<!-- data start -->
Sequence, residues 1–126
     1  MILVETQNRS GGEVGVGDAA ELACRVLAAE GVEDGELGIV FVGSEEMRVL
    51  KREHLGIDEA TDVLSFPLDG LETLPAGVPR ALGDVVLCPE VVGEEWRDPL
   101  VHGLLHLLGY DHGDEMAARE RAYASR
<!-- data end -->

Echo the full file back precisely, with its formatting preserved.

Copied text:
Sequence, residues 1–126
     1  MILVETQNRS GGEVGVGDAA ELACRVLAAE GVEDGELGIV FVGSEEMRVL
    51  KREHLGIDEA TDVLSFPLDG LETLPAGVPR ALGDVVLCPE VVGEEWRDPL
   101  VHGLLHLLGY DHGDEMAARE RAYASR